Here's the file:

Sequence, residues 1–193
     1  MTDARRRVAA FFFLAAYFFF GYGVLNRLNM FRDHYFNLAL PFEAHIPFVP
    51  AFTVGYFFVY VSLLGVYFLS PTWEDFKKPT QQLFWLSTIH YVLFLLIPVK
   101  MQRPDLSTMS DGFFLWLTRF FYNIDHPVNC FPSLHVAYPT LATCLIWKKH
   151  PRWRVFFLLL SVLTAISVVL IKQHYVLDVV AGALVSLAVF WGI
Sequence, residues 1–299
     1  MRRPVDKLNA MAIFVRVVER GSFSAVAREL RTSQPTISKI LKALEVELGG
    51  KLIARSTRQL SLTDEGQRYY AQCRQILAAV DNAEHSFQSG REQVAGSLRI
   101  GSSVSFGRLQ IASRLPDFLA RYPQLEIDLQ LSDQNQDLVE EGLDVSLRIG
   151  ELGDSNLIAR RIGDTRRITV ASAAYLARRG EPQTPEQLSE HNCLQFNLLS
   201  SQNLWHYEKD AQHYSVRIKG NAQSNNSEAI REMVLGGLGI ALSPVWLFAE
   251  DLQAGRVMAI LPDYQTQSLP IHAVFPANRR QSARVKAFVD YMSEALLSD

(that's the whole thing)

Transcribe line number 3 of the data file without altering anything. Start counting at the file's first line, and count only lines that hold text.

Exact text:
    51  AFTVGYFFVY VSLLGVYFLS PTWEDFKKPT QQLFWLSTIH YVLFLLIPVK